There are a lot of reasons why hedge funders and other Wall Street types might not vote for President Trump. The ad hominem attacks, for instance. Or the promised tax hike. Or the fact that he’s an “unstable personality” and probably a “demented, narcissistic scumbag,” and thus “completely unqualified for the highest office in the land.” And then, there’s the fact that he’d probably be as big an unmitigated disaster for the U.S. economy as he was for the Atlantic City economy, no matter what Wilbur Ross says.
Mr. Trump’s entire program, including trade, regulation and energy, not just taxes, would generate so much growth there would be almost no increase in the deficit.
Their math doesn’t add up.
It rests on aggressive, tenuous or flawed assumptions: that deficits caused by tax cuts don’t raise interest rates; that removing regulations adds directly to gross domestic product; that oil and gas companies will rush to drill on newly opened federal land regardless of energy prices; and that protectionism expands the economy even if U.S. companies and workers are already working flat out.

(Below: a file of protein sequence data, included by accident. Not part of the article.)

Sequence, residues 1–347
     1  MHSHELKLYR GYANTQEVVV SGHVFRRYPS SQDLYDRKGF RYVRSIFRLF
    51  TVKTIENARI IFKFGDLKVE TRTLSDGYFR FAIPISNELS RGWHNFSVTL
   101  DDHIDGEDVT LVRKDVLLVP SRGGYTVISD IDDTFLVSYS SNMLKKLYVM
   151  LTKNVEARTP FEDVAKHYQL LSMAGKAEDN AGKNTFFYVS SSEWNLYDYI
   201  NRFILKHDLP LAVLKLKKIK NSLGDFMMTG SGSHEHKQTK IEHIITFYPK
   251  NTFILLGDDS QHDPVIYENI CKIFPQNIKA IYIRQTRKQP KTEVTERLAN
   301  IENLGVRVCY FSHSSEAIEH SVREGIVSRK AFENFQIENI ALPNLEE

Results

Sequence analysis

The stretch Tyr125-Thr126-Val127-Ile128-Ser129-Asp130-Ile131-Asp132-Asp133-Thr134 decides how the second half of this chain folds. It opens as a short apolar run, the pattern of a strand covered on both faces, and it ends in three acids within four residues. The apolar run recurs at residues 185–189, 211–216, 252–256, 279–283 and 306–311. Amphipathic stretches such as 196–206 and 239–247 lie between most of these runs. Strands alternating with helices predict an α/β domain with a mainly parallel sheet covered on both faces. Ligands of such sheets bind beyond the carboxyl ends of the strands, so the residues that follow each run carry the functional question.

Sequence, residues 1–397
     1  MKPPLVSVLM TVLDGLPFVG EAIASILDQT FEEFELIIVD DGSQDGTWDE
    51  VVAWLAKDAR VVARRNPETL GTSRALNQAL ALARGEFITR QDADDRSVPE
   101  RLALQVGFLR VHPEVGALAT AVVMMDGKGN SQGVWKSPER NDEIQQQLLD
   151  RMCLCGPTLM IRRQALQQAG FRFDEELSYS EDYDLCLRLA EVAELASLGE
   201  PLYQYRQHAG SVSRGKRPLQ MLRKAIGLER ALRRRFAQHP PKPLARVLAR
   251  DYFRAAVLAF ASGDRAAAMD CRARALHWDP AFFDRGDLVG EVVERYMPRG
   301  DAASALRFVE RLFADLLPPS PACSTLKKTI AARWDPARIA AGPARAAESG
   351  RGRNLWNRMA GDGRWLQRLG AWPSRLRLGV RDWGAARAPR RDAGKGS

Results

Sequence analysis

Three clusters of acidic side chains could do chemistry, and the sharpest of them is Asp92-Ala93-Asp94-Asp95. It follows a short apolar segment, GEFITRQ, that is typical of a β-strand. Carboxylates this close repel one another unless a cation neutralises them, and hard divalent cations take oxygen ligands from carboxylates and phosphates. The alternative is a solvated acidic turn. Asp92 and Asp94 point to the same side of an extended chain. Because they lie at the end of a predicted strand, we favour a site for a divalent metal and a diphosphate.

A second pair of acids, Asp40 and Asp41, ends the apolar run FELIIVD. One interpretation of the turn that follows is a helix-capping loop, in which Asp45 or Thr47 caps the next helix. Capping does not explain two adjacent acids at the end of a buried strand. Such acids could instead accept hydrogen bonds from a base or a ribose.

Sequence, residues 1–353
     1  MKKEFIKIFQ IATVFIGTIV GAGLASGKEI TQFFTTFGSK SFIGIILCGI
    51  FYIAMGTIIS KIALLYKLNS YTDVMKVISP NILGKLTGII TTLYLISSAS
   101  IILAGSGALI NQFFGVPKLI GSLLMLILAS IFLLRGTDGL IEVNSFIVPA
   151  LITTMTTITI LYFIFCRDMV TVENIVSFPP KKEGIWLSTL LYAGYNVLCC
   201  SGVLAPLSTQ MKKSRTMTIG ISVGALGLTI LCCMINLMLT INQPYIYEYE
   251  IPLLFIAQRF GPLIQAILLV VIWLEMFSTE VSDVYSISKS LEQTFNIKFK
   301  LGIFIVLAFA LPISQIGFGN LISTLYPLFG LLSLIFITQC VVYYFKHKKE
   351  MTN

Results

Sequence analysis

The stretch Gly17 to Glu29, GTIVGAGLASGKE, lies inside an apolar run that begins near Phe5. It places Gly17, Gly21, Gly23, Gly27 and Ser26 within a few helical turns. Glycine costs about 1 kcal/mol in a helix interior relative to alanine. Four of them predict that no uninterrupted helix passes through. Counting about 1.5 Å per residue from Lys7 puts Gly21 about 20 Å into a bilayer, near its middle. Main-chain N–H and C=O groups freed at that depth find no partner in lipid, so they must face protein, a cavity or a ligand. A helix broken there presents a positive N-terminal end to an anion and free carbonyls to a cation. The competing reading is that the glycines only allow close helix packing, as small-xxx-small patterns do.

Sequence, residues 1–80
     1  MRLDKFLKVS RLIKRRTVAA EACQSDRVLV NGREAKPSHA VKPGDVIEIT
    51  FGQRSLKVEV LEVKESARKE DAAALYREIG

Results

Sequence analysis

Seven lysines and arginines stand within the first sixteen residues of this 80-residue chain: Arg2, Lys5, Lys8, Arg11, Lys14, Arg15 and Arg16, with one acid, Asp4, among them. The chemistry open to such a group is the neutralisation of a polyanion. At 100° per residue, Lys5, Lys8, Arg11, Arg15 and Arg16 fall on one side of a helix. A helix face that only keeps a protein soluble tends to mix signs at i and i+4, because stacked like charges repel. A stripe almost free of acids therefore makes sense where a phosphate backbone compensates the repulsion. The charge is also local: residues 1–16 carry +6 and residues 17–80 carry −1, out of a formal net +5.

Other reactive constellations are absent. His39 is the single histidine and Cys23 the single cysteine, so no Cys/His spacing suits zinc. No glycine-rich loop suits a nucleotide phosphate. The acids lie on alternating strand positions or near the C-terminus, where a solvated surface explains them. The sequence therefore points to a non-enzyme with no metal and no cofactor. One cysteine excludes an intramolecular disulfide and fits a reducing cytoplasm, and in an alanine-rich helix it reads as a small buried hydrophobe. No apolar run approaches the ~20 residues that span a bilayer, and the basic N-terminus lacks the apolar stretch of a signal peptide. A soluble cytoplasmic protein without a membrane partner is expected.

Mrs. Clinton’s tax proposals would reduce gross domestic product in 2018 by 0.19% below what it otherwise would be, while Mr. Trump’s plan would make it 1.12% higher. By 2027, Mrs. Clinton’s plan would increase GDP by 0.4% above baseline projections, while Mr. Trump’s plan would make it 0.43% smaller….
The study comes from the Penn Wharton Budget Model, which is working with the Tax Policy Center, a Washington project of the Brookings Institution and Urban Institute that is run by a former Treasury official from Bill Clinton’s administration.
Donald Trump’s Economic Plan, Up Close, Doesn’t Add Up [WSJ]
Donald Trump’s Tax Plan Would Boost Economy in Short Run but Not Long Term, Analysis Finds [WSJ]
Rejecting Trump, Wall Street Republican donors scatter largesse [Reuters]